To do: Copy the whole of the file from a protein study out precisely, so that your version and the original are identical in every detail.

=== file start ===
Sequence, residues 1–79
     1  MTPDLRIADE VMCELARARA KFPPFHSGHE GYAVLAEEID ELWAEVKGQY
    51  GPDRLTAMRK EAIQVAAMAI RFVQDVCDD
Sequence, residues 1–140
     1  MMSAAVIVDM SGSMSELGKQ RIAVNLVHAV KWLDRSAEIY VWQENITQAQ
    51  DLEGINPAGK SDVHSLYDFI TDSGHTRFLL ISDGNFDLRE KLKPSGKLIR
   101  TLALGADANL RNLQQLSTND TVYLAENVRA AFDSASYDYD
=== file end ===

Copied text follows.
Sequence, residues 1–79
     1  MTPDLRIADE VMCELARARA KFPPFHSGHE GYAVLAEEID ELWAEVKGQY
    51  GPDRLTAMRK EAIQVAAMAI RFVQDVCDD
Sequence, residues 1–140
     1  MMSAAVIVDM SGSMSELGKQ RIAVNLVHAV KWLDRSAEIY VWQENITQAQ
    51  DLEGINPAGK SDVHSLYDFI TDSGHTRFLL ISDGNFDLRE KLKPSGKLIR
   101  TLALGADANL RNLQQLSTND TVYLAENVRA AFDSASYDYD